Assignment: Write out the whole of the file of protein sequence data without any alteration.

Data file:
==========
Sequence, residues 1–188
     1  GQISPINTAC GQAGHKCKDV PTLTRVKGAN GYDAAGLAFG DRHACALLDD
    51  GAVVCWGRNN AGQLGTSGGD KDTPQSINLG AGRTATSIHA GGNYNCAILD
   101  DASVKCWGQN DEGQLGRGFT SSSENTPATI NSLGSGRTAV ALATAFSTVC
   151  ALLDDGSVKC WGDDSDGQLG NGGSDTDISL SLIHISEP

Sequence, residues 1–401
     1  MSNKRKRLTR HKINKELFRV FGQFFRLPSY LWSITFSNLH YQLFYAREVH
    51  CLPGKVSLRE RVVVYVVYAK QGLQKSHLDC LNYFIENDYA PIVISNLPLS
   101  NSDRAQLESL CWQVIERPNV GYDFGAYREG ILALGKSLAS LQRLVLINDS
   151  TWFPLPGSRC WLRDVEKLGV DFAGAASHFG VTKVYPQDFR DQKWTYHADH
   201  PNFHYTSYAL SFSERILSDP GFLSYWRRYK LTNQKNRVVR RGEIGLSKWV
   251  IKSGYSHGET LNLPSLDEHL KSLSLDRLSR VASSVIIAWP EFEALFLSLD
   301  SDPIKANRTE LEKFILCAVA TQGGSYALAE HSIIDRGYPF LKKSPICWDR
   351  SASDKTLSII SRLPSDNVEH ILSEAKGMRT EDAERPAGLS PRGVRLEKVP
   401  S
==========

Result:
Sequence, residues 1–188
     1  GQISPINTAC GQAGHKCKDV PTLTRVKGAN GYDAAGLAFG DRHACALLDD
    51  GAVVCWGRNN AGQLGTSGGD KDTPQSINLG AGRTATSIHA GGNYNCAILD
   101  DASVKCWGQN DEGQLGRGFT SSSENTPATI NSLGSGRTAV ALATAFSTVC
   151  ALLDDGSVKC WGDDSDGQLG NGGSDTDISL SLIHISEP

Sequence, residues 1–401
     1  MSNKRKRLTR HKINKELFRV FGQFFRLPSY LWSITFSNLH YQLFYAREVH
    51  CLPGKVSLRE RVVVYVVYAK QGLQKSHLDC LNYFIENDYA PIVISNLPLS
   101  NSDRAQLESL CWQVIERPNV GYDFGAYREG ILALGKSLAS LQRLVLINDS
   151  TWFPLPGSRC WLRDVEKLGV DFAGAASHFG VTKVYPQDFR DQKWTYHADH
   201  PNFHYTSYAL SFSERILSDP GFLSYWRRYK LTNQKNRVVR RGEIGLSKWV
   251  IKSGYSHGET LNLPSLDEHL KSLSLDRLSR VASSVIIAWP EFEALFLSLD
   301  SDPIKANRTE LEKFILCAVA TQGGSYALAE HSIIDRGYPF LKKSPICWDR
   351  SASDKTLSII SRLPSDNVEH ILSEAKGMRT EDAERPAGLS PRGVRLEKVP
   401  S